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Individual Teacher Incentives, Student Achievement and Grade Inflation

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  • Pedro Martins

Abstract

How do teacher incentives affect student achievement? We contribute to this question by examining the effects of the recent introduction of teacher performance-related pay and tournaments in Portugal's public schools. Specifically, we draw on matched student-school panel data covering the population of secondary school national exams over seven years. We then conduct a difference-in-differences analysis based on two complementary control groups: public schools in two autonomous regions that were exposed to lighter versions of the reform than in the rest of the country; and private schools, which are also subject to the same national exams but whose teachers were not affected by the reform. Our results consistently indicate that the increased focus on individual teacher performance caused a significant decline in student achievement, particularly in terms of national exams. The triple-difference results also document a significant increase in grade inflation.

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Bibliographic Info

Paper provided by Centre for the Economics of Education, LSE in its series CEE Discussion Papers with number 0112.

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Date of creation: Mar 2010
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Handle: RePEc:cep:ceedps:0112

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Web page: http://cee.lse.ac.uk/publications.htm

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Keywords: Teacher incentives; pupil attainment;

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  1. Ernst Fehr & Klaus M. Schmidt, . "Fairness and Incentives in a Multi-Task Principal-Agent Model," IEW - Working Papers 191, Institute for Empirical Research in Economics - University of Zurich.
  2. Marianne Bertrand & Esther Duflo & Sendhil Mullainathan, 2002. "How Much Should We Trust Differences-in-Differences Estimates?," NBER Working Papers 8841, National Bureau of Economic Research, Inc.
  3. Ernst Fehr & Klaus M. Schmidt, 1999. "A Theory Of Fairness, Competition, And Cooperation," The Quarterly Journal of Economics, MIT Press, vol. 114(3), pages 817-868, August.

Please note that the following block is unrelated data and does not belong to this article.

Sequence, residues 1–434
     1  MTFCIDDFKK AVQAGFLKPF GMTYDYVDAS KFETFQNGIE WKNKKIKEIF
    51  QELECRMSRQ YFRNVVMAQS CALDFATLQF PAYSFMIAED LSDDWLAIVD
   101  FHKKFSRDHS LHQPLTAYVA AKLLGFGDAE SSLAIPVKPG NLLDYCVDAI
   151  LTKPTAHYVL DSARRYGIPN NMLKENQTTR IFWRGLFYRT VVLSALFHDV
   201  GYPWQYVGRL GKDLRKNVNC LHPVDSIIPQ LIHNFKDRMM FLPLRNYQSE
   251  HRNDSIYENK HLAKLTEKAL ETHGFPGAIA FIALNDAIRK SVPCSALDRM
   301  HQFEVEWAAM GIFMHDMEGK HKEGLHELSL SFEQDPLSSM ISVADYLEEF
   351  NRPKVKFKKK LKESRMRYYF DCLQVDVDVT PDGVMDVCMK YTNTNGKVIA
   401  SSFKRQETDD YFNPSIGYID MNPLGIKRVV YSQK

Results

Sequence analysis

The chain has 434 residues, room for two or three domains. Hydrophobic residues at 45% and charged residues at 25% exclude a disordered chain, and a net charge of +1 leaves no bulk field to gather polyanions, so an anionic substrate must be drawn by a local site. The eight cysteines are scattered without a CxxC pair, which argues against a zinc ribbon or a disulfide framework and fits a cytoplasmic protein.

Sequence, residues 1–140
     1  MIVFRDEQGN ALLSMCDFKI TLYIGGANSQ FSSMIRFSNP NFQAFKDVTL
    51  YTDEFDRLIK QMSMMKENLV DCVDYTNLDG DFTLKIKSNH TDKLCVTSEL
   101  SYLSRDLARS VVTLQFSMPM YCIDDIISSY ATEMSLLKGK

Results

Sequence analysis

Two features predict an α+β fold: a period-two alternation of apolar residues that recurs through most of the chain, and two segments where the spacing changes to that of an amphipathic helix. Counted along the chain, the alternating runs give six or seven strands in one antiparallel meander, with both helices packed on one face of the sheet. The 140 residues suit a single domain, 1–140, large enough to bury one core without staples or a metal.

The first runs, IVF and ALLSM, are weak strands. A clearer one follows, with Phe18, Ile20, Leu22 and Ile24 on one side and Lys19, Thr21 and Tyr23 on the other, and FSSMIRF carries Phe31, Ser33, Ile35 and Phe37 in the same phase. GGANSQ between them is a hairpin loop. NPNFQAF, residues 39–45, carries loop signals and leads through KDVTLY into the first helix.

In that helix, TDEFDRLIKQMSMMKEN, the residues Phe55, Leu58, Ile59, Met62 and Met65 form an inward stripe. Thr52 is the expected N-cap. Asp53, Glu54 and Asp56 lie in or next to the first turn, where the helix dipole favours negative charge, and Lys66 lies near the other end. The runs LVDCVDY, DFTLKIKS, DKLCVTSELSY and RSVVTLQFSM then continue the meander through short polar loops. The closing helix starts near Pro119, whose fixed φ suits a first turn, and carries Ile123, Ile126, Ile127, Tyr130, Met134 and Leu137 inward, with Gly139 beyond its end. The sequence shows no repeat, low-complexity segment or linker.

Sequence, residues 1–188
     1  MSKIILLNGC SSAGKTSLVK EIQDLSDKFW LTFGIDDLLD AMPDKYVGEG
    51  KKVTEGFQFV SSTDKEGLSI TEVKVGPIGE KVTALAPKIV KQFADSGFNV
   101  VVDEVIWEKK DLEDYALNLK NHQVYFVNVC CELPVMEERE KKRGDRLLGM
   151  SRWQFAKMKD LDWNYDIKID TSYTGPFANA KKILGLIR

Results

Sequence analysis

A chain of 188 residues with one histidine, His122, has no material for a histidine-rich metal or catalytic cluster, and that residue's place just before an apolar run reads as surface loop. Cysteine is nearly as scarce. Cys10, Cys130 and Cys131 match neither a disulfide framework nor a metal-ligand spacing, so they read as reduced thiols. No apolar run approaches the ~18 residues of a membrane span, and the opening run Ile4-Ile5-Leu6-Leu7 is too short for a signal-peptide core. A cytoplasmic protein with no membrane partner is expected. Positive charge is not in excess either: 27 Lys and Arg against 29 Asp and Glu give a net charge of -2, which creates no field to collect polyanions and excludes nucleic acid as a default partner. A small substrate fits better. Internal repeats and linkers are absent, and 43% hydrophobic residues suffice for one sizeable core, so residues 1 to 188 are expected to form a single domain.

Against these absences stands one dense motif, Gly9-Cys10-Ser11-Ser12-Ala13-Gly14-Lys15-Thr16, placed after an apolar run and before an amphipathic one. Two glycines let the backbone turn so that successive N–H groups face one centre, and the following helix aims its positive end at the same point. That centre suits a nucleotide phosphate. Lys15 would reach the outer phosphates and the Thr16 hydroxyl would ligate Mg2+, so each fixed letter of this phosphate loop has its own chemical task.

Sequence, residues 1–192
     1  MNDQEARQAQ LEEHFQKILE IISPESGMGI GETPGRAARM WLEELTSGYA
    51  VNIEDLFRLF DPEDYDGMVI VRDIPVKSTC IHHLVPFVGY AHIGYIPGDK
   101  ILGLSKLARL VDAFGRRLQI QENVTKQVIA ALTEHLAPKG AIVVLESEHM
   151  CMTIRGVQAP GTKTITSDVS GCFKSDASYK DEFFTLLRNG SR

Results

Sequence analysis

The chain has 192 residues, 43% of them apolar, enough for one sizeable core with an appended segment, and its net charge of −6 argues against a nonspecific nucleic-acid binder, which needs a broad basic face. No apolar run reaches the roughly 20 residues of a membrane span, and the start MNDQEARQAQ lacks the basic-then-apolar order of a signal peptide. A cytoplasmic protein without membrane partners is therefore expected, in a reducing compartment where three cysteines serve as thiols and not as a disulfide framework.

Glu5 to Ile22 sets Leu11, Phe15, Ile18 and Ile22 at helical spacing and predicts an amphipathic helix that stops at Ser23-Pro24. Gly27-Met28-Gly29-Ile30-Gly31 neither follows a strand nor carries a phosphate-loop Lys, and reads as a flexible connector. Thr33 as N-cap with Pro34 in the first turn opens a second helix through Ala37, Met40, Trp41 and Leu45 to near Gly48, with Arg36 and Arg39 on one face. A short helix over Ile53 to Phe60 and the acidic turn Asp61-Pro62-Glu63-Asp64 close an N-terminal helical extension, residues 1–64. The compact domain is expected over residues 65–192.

4. Oriana Bandiera & Iwan Barankay & Imran Rasul, 2005. "Social Preferences and the Response to Incentives: Evidence from Personnel Data," The Quarterly Journal of Economics, MIT Press, vol. 120(3), pages 917-962, August.
  5. Gadi Barlevy & Derek Neal, 2011. "Pay for Percentile," NBER Working Papers 17194, National Bureau of Economic Research, Inc.
  6. Atkinson, Adele & Burgess, Simon & Croxson, Bronwyn & Gregg, Paul & Propper, Carol & Slater, Helen & Wilson, Deborah, 2009. "Evaluating the impact of performance-related pay for teachers in England," Labour Economics, Elsevier, vol. 16(3), pages 251-261, June.
  7. Daniel Aaronson & Lisa Barrow & William Sander, 2007. "Teachers and Student Achievement in the Chicago Public High Schools," Journal of Labor Economics, University of Chicago Press, vol. 25, pages 95-135.
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Blog mentions

As found by EconAcademics.org, the blog aggregator for Economics research:
  1. What explains the Portuguese PISA results?
    by Pedro S. Martins in The Portuguese Economy on 2011-01-05 15:30:00
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Cited by:
  1. Ehlers, Tim & Schwager, Robert, 2012. "Honest Grading, Grade Inflation and Reputation," Annual Conference 2012 (Goettingen): New Approaches and Challenges for the Labor Market of the 21st Century 62051, Verein für Socialpolitik / German Economic Association.
  2. Ehlers, Tim & Schwager, Robert, 2012. "Honest grading, grade inflation and reputation," Center for European, Governance and Economic Development Research Discussion Papers 143, University of Goettingen, Department of Economics.
  3. Thomas K. Bauer & Barbara S. Grave, 2011. "Performance-related Funding of Universities – Does more Competition Lead to Grade Inflation?," Ruhr Economic Papers 0288, Rheinisch-Westfälisches Institut für Wirtschaftsforschung, Ruhr-Universität Bochum, Universität Dortmund, Universität Duisburg-Essen.

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